For the top up team he would have been handy
You mean, Courageous Hodgey aside?
Hodge was traded.
He couldn’t be picked up as a delisted free agent and couldn’t nominate for the draft.
Then he had his papers amended so he could be traded for a token pick.
Hawthorn involved in retrospective trade tampering, again? Say it ain’t so!
And the only way he got to Brisbane was via trade.
How does the Hodge situation match Swallow?
Trade period is finished.
He wasn’t delisted so he can’t be picked up as a free.
There is no other avenue to play again next year unless he was delisted.
Unless, as I said, like Hodge, it was treated as a ‘special case’.
That actually had nothing to do with Hodge. He retired and then Brisveghas were going to pick him up easy peasy. The AFL stepped in at the last minute and said you can’t do that, you can’t retire and then come back in the for the next year. So he was forced to un-retire so that Hawks could trade him for peanuts to ensure he got to play in the end.
No one really got anything out of that, it didn’t help Hodge and it didn’t help Hawks. If the AFL had allowed it to occur then they would have been forced to allow others to do that and it would have been a free for all of players retiring and then going for free to the club of their choice.
I’d say he’s borderline young.
Well - that doesn’t really make sense. If no one profited, it wouldn’t have been done. Hodge retired. Brisbane talked him into joining them. The AFL saw a beacon of hope for Brisbane, and - as I said twice now - treated it as a special case.
I didn’t say that Hodge did anything wrong. I didn’t say whoreforn or Brisbane did anything wrong. I said … that Hodge was treated as a special case.
The conversation was about Swallow. He has retired. He can’t get back. Unless…the AFL treated him as they did Hodge.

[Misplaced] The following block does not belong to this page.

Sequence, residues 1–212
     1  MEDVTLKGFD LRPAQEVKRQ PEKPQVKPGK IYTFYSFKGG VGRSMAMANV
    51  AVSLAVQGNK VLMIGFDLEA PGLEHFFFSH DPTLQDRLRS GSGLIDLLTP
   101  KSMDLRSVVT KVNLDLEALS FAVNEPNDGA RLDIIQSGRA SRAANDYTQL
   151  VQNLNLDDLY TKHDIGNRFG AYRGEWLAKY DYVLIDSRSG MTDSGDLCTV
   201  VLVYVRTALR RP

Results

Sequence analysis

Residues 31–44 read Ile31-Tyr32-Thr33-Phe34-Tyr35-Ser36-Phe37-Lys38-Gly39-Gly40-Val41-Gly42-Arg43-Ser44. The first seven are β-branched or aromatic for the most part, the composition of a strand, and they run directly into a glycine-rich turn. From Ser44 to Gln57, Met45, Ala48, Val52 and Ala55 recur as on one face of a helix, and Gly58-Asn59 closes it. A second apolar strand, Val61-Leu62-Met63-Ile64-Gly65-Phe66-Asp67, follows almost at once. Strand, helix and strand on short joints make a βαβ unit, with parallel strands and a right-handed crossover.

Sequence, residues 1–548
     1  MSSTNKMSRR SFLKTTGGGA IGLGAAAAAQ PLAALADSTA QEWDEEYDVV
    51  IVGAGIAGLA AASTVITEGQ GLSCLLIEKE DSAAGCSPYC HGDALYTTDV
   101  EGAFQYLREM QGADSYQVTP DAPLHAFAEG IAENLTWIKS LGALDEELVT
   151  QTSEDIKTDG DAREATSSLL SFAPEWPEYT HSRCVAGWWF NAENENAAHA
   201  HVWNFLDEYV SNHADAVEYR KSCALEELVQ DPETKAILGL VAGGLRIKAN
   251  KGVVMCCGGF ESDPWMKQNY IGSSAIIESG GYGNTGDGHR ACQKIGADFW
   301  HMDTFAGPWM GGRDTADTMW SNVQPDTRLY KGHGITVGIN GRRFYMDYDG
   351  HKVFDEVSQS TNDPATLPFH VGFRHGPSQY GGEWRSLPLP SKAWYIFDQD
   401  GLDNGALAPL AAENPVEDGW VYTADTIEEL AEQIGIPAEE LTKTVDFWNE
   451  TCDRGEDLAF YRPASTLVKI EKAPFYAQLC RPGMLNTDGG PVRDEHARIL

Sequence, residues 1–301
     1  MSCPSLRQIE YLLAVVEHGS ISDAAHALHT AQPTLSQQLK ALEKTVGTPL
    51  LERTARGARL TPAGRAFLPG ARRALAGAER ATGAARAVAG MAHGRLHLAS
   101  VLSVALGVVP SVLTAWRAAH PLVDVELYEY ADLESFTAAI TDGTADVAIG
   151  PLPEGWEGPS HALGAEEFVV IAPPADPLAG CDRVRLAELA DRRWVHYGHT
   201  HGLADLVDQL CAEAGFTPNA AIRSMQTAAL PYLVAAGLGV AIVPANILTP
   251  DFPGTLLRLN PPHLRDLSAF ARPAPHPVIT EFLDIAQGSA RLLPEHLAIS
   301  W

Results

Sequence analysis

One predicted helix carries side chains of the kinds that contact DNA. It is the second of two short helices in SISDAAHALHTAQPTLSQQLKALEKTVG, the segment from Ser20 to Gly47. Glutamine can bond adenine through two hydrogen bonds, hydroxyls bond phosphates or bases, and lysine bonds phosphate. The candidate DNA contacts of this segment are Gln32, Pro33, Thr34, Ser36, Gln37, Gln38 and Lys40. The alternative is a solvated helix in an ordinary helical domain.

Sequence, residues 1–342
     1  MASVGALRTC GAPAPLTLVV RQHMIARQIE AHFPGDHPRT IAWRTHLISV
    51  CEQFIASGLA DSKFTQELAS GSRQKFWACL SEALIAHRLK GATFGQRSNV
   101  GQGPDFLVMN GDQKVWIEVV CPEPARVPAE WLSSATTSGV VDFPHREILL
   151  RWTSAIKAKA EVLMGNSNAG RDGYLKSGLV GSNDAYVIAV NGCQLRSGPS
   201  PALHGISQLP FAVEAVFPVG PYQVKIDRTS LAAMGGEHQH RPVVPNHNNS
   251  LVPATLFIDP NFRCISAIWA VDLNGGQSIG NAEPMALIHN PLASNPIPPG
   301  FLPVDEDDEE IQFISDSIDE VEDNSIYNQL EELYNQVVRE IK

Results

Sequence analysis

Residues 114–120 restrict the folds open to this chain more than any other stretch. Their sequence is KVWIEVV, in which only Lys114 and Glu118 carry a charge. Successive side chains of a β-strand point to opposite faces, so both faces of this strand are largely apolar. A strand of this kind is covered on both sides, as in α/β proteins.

When a player retires, they sign a waiver saying they cannot enter the draft and cannot be picked up as a delisted free agent.
Whilst a player can be delisted or retire at any stage during the season, the team still holds ownership of the players contract until October 31.
That’s why players who are delisted (Chapman in 2013, Gibson this year) can still be traded during trade period even after they have retired or been delisted.
The Hodge situation was not a ‘special case’. It is within the rules. Scott Lucas mentioned as much on SEN during trade week.
I recall the AFL ‘bent the rules’ for Sam Shaw and Joe Patful though. They both retired yet they mysteriously were allowed to be picked up in the rookie draft after retiring.
In Sam Shaw’s case, his contract was up so Adelaide took him in as a rookie so that they could monitor his concussion problems. Apparently a club doctor cannot look after a player at the expense of the club who isn’t on the team pay wages. Players have to use the special fund out in place by the Players Association and they have a select group of doctors to go to (this usually doesn’t include highly paid club doctors).
How Patful was allowed to be rookied after having a year still to go in his contract after retiring is still baffling. If ever there was a ‘special case’, that was it.